Blog | November 26, 2019

The CNS Summit — A Caring Community Of Collaborative Solution Finders

Source: Life Science Leader
Rob Wright author page

By Rob Wright, Chief Editor, Life Science Leader
Follow Me On Twitter @RfwrightLSL

Tim Wright Amir Kalali and Me CNS 2019
Timothy Wright, CEO of MiMedx (L), Amir Kalali, M.D., chief curator and chairman, CNS Summit, and Rob Wright, chief editor, Life Science Leader (R), CNS Summit 2019.

Usually when I return from a tradeshow or conference, one of the first things I do is write a blog about some of the things I saw and heard. But I felt this year’s CNS Summit (Oct. 29 – Nov. 1) required a period of reflection, as I needed to contemplate how to best describe what seems to make this gathering so different from all others. Because, while I thought I properly captured what the CNS Summit is after attending last year (see here), I’m not sure if I did. Or perhaps, the “show” is continuing to elevate ever higher. And while sometimes my post-event recaps attempt to capture nearly all that was said and done, somewhat along the lines of this well-written piece by Sophia Ononye (a first-time CNS Summit attendee), for me, this year anyway, that simply won’t do.

What Does The “CNS” In CNS Summit Stand For?

People have told me that they don’t attend the CNS Summit because their company isn’t focused on diseases of the central nervous system (CNS). Okay. I get that, and that would be important if the “CNS” in CNS Summit actually stood for central nervous system. But if you go to the website and look underneath the logo (top left) you will see the words, “Collaborating for Novel Solutions, Shaping the future.” But even this doesn’t truly get at the essence of the CNS Summit experience, because the “C” in CNS could also stand for “Community.” In fact, I might lobby Amir Kalali, M.D., (Twitter @akalali) the well-known industry executive who founded the CNS Summit more than 10 years ago (learn why here), to consider changing the name to C2-NS, or some other way by which “community” could be included, because it is most certainly a community of collaborators. One person captured a point of differentiation for the CNS Summit in a Tweet writing, “still buzzing from the humanity and joy of @akalali’s conference.” Have you ever heard someone use humanity and joy to describe a biopharmaceutical industry conference that you have attended? Another person posted on their LinkedIn profile, “The CNS Summit is far more than a premier #lifescience meeting. It’s a community in connection 365 days a year,” noting that the get-together is more like a reunion where everybody is welcome. To better explain it, I came up with the following scenario.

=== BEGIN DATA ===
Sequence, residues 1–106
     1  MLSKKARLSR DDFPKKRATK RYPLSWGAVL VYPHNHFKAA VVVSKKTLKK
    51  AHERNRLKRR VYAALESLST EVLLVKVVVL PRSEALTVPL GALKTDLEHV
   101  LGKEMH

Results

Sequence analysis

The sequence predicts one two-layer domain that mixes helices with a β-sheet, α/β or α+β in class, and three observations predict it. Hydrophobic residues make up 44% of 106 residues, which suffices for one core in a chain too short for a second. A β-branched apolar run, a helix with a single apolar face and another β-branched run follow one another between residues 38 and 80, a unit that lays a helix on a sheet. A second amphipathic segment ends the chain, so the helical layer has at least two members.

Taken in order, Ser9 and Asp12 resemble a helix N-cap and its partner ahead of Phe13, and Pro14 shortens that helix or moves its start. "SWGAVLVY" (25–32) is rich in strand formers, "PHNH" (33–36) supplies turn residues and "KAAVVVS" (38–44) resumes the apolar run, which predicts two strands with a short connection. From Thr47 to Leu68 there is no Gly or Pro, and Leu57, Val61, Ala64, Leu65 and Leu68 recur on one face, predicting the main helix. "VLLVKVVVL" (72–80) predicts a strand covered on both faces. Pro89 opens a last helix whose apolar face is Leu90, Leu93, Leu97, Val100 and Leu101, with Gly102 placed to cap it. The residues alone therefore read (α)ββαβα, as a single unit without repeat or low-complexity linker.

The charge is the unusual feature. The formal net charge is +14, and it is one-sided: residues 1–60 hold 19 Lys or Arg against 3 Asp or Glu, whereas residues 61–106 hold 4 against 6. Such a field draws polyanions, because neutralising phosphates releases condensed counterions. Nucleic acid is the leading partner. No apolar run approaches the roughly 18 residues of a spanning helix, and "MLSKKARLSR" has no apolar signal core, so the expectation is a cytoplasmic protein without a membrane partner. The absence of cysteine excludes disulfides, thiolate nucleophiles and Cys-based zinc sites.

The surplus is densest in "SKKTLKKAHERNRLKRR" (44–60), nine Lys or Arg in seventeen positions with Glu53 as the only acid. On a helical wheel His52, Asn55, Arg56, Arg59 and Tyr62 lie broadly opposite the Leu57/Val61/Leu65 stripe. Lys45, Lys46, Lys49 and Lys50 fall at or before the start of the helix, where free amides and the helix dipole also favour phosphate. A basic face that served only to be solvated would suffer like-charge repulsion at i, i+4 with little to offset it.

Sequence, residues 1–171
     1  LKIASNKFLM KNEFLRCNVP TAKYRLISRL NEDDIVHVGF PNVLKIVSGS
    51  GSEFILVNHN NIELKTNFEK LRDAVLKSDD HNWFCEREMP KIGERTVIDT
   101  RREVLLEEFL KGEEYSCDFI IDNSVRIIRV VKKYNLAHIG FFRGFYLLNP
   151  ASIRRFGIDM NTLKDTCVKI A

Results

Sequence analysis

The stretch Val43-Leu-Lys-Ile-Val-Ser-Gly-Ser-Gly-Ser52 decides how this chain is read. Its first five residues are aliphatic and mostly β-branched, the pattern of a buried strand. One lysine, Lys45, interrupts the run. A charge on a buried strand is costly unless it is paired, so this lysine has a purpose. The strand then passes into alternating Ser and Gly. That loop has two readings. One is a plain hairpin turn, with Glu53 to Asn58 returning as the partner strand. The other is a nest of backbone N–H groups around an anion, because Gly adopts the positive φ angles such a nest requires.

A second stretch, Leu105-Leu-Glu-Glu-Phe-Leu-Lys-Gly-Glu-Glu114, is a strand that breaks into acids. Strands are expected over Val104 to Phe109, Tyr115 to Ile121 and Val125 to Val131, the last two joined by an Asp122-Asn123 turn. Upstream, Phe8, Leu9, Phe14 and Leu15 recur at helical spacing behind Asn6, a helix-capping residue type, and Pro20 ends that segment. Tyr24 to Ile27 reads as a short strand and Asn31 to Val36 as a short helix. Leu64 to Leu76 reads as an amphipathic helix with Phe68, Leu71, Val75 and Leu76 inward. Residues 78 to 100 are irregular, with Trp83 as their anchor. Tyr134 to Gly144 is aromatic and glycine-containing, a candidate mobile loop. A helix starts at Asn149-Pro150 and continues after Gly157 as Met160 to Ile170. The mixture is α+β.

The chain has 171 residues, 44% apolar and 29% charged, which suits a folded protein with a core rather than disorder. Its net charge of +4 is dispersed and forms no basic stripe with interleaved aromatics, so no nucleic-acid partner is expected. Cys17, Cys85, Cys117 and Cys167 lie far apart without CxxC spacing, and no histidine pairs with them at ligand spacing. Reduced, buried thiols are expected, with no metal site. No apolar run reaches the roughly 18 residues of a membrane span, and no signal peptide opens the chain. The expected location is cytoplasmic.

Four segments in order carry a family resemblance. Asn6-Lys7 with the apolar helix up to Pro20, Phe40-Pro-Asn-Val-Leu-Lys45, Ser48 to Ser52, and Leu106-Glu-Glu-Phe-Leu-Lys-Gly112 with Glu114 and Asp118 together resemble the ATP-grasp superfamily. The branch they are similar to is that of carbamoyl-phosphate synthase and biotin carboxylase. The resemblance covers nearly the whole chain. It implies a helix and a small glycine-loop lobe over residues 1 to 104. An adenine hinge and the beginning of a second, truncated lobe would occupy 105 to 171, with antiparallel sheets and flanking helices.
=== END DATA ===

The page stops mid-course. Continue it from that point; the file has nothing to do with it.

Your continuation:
Imagine you’re driving to an important meeting and you’re running a little late. Traffic is bumper to bumper, and you seem to be hitting every possible red light. Because of construction you need to merge from three lanes down to two, but you’re sure nobody is going to let you in. Why? Because just five minutes previous you were saying out loud, “Sorry buddy, running late,” when passing on an opportunity to let a driver needing to merge do so. Now that you have that picture, let’s flip it. This time you’re driving but not pressed for time (i.e., a Sunday drive). And this time, when you see somebody needing to merge, you are the driver who leaves enough room for them to do so, even signaling the other driver by flashing your lights or using a friendly hand gesture to indicate, “come on over.” Now, if either of these driving scenarios involved attendees of the CNS Summit, here’s what would happen. The harried driver would not only find someone willing to let them merge, but these other drivers would attempt to notify other drivers of your plight so they too could try to help. For the Sunday-driver construction-merging scenario, well, there wouldn’t be traffic congestion in the first place, because all of the CNS Summit driving community would be proactively merging well ahead of time. This isn’t just because they know how to work together more collaboratively but because the majority of attendees actually care about one another and their well-being. This all goes back to the Summit’s chief curator, Amir Kalali. Because he didn’t create this conference toward be a money-making machine, but an experience, which in my opinion, is well worth experiencing. Yes. The content is exceptional, and I am humbled and honored to have been invited to take part. But it is the community of caring collaborators that make all the difference.